Next of Kin Review

Peter (Patrick Tierney) is twenty-three and lives with his parents. Concerned by his lack of communicativeness, his parents take him to a therapy session which is recorded on video. Playing the session back, Patrick comes across another family's therapy session, that of Armenian immigrants George and Sonya Deryan (Berge and Sirvart Fazlian) who gave their son Bedros up for adoption, though kept his younger sister, the now-rebellious Azah (Arsinée Khanjian). Peter makes contact with the Deryans, claiming to be Bedros...

Atom Yeghoyan was born in 1960 in Egypt of Armenian parents but was brought up in Canada, where he still lives. He made his first feature at the age of seventeen, Lust of a Eunuch, a film which has very little information available about it online, except that it features a well-known actor, Ed Begley Jr, and that it runs four and a half hours. Seven years later, with four short films in between, he made another feature, Next of Kin. As well as writing and directing, he also edited and can be heard playing classical guitar on the soundtrack.

Lighter in tone than some of his other films, Next of Kin shows considerable assurance, visible from an opening low-level tracking shot which ends up with the camera on the carousel of an airport baggage reclaim. (The IMDB claims that Egoyan appears in this scene, but as most of it is shot from below waist level I couldn't verify that. He certainly turns up in the birthday party scene late on.) Egoyan shows considerable inventiveness despite an obvious tiny budget that necessitated shooting in 16mm. This was the first of Egoyan's films to feature his wife, Arsinée Khanjian.

From the outset, the film displays several of Egoyan's ongoing preoccupations. These include an examination of identity, particularly national identity: not for the last time, Egoyan explores his Armenian heritage. He also tackles how much technology helps human interaction, or conversely aids the lack of it. Some of the therapy scenes early on are not shown directly, but via a video monitor (with an out-of-phase bar across the screen to show for it). Also, what we take at first as a standard voiceover turns to be recorded by Peter into a dictaphone.

However, the film is somewhat problematic. You can pass off the fact that Peter-as-Bedros clearly has no resemblance to his supposed parents and sister, and is significantly taller than all of them, as artistic licence. Egoyan is evidently not making overt judgement on Peter's actions and seeking us to draw our own conclusions. Yet you can't avoid the fact that the solution to Peter's alienation rests in an act of fraud, one which would be devastating if found out – at least as much to Peter's actual parents as to the ones he claims . As his “sister”, Azah clearly has her own journey towards self-realisation, one which involves setting herself against her father's patriarchal values, one which divides women into mothers or whores. (Something Egoyan clearly doesn't endorse: you can't miss this in the scene where George takes Peter to a bar which features a stripper.) Some people find Egoyan's early films cold – I was one, before seeing Exotica and The Sweet Hereafter on their UK cinema releases changed my mind – and the warmth that Khanjian especially gives to this film, is offset by a chilly, rather solipsistic tone. Next of Kin is certainly well worth seeing, especially for Egoyan fans, but it's a film that leaves a somewhat sour aftertaste.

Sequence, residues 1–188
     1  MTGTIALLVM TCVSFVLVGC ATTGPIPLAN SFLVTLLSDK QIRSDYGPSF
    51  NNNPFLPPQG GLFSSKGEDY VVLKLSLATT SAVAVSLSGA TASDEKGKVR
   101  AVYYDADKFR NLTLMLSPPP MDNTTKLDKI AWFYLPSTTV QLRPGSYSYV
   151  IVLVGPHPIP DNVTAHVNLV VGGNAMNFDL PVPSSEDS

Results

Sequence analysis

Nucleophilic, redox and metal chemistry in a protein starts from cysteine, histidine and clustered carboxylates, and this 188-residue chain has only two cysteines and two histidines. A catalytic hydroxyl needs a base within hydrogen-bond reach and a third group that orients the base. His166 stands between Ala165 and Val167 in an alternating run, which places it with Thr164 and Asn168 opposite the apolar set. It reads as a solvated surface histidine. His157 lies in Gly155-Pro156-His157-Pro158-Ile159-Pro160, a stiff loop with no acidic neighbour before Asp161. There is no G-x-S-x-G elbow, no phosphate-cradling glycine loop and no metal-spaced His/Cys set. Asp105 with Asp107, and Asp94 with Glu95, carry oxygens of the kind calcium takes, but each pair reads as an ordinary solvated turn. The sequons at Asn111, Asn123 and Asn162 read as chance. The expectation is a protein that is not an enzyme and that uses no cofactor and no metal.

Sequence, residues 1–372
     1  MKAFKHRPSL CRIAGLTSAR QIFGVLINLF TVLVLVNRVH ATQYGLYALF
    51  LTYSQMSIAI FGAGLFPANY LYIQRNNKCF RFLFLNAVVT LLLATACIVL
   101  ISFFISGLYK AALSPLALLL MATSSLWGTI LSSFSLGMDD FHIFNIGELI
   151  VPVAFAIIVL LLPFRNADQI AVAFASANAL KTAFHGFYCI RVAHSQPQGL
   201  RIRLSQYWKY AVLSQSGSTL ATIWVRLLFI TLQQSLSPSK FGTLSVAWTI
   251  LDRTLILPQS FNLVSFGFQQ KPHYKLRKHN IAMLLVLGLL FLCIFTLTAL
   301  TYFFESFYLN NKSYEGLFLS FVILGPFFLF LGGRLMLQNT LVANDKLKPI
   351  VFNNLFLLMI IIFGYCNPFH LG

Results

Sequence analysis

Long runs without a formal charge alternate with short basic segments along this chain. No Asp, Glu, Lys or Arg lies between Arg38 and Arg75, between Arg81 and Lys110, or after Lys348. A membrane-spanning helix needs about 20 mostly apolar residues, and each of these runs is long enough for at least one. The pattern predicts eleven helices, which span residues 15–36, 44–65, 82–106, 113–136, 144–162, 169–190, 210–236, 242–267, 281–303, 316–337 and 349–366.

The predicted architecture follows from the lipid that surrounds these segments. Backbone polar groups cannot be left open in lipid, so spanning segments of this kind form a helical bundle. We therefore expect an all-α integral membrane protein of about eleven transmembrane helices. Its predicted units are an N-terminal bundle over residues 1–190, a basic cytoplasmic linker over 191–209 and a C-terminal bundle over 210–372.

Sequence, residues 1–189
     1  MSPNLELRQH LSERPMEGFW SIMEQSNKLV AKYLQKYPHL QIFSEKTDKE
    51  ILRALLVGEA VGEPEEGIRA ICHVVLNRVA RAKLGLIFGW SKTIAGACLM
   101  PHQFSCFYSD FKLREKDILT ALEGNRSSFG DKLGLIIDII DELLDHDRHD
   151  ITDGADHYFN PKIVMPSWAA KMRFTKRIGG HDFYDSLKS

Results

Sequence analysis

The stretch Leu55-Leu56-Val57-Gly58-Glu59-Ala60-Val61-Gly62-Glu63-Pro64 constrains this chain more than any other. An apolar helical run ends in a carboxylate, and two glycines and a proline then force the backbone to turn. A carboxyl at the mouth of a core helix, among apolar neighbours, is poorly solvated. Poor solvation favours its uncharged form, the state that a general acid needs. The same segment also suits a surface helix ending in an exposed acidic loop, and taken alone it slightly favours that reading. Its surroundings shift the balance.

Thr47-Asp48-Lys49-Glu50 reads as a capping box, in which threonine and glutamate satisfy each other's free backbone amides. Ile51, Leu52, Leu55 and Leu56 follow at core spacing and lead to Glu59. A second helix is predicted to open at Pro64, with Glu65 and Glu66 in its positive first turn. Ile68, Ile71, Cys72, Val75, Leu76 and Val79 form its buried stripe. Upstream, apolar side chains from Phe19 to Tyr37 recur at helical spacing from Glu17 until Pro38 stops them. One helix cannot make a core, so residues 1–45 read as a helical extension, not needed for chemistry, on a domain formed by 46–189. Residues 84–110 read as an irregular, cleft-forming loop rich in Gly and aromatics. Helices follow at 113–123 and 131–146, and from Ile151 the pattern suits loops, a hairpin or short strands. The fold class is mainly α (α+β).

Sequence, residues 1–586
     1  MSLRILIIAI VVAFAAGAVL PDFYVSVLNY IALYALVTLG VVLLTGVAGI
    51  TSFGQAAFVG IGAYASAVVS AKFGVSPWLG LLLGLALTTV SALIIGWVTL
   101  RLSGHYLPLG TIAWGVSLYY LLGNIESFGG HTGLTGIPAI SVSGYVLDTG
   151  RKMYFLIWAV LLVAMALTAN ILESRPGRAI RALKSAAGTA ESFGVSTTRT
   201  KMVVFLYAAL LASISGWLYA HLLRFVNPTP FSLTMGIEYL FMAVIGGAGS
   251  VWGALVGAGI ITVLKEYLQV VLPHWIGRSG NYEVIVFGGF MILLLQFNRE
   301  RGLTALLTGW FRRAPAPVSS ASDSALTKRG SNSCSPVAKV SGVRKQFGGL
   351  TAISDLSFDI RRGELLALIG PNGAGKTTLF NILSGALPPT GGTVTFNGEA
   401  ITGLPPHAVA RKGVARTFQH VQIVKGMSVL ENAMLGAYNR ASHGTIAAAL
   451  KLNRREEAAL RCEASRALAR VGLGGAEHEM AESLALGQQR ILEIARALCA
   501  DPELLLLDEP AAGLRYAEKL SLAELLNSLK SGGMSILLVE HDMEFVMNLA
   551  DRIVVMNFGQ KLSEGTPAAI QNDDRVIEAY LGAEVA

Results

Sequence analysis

The Blu-ray

Artificial Eye's Blu-ray and DVD of Next of Kin, simultaneously with Egoyan's next feature Family Viewing as part of a series of reissues of the director's work, marks the film's first commercial release in the UK. It was the Blu-ray edition which was supplied for review, and affiiliate links above refer to that. For links for the DVD edition, go here.

As mentioned above, Next of Kin was shot in 16mm and the Blu-ray is in the clearly correct ratio of 1.33:1. Needless to say, this is a very grainy film and Blu-ray resolution really does display the texture of that grain. Inevitably the results are a little soft and longer shots may be lacking in detail, but given the original materials I'm sure that would always be the case.

The soundtrack is the original mono, presented in Dolby Digital 2.0 – the first Blu-ray I've reviewed with anything other than a DTS-HD MA or LPCM track. There are certainly no issues with this track, dialogue, music and sound effects being well balanced. Unfortunately, but to be expected, this English-language film has no subtitles for the hard of hearing. (There are a few sentences in Armenian, but these are intentionally left untranslated.)

There are no extras.

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